Remember as we empathize. Do brain mechanisms engaged in autobiographical memory retrieval causally affect empathy awareness? A combined TMS and EEG registered report
Research output: Contribution to journal › Article › peer-review
Social interactions are partly driven by our ability to empathize—the capacity to share and understand others’ inner states. While a growing body of evidence suggests a link between past experiences and empathy, to what degree empathy is dependent on our own previous experiences (autobiographical memories, AMs) is still unclear. Whereas neuroimaging studies have shown wide overlapping brain networks underpinning AM and empathic processes, studies on clinical populations with memory loss have not always shown empathy is impaired. The current transcranial magnetic stimulation (TMS) and electroencephalography study will seek to shed light on this neuropsychological puzzle by testing whether self-perceived empathy is causally linked to AM retrieval. Cortical activity, together with self-rating of empathy, will be recorded for scenarios that echo personal experiences while a brain region critical for AM retrieval will be transiently inhibited using TMS before task performance.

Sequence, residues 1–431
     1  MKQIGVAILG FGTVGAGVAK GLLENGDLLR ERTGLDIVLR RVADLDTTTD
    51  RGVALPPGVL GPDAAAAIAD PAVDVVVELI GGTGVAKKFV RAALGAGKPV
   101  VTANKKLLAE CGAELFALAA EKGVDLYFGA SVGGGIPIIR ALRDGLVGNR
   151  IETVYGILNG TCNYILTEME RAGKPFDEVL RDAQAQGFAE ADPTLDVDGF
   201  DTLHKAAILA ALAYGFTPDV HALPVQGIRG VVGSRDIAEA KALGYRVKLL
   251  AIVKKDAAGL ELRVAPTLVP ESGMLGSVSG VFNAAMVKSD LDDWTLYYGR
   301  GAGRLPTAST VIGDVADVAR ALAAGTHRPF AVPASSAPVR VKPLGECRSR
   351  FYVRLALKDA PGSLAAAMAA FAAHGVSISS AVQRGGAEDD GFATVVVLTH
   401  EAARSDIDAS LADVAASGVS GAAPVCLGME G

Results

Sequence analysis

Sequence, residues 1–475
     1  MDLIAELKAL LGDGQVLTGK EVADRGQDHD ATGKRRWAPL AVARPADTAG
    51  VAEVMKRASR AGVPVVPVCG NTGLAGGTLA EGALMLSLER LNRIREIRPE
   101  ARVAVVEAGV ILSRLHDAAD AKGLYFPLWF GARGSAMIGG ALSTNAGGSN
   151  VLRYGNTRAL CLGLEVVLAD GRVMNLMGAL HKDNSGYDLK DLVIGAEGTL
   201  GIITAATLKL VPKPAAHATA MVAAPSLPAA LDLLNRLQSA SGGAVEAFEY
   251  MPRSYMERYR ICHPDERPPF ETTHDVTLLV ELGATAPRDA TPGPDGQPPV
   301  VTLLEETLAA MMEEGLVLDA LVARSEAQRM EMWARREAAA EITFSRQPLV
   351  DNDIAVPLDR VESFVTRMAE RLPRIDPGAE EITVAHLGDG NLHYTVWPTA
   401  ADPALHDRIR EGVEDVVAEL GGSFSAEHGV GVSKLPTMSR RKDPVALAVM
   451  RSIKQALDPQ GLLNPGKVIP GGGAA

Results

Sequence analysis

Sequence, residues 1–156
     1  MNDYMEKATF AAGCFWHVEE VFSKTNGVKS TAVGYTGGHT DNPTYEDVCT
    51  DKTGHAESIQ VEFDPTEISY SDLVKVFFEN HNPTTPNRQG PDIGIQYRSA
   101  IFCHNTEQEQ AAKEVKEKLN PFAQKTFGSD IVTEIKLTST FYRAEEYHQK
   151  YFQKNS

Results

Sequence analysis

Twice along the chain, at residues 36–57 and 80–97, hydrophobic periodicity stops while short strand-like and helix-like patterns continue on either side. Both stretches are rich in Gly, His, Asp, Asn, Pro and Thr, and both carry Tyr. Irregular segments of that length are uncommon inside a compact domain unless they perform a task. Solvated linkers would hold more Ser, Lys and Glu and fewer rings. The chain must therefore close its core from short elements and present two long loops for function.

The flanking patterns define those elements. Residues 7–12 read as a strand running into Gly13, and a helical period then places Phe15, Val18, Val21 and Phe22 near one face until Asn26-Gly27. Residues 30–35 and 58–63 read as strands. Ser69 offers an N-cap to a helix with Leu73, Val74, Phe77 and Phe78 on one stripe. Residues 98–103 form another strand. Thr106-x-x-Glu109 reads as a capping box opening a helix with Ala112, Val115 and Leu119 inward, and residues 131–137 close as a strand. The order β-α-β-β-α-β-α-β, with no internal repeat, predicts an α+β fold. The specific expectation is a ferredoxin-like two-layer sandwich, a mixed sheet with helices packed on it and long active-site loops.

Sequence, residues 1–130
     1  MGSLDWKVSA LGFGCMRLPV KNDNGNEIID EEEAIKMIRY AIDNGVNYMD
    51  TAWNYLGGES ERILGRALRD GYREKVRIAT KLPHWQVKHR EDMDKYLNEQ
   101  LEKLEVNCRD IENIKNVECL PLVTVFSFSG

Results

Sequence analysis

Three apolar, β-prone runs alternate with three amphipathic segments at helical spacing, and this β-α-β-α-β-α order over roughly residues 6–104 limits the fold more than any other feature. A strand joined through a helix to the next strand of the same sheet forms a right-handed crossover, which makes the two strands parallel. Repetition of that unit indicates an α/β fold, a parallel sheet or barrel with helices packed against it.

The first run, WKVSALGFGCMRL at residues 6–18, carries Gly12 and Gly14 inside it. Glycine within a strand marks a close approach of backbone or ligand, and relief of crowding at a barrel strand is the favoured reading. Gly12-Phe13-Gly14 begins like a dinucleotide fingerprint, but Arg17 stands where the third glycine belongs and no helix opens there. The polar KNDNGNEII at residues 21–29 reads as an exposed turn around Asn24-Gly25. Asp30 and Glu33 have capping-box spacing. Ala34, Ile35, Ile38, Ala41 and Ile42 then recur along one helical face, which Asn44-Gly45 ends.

|Journal||Journal of Neuroscience Research|
|Early online date||29 Jun 2021|
|Publication status||E-pub ahead of print - 29 Jun 2021|
- electroencephalography, empathy, episodic memory, transcranial magnetic stimulation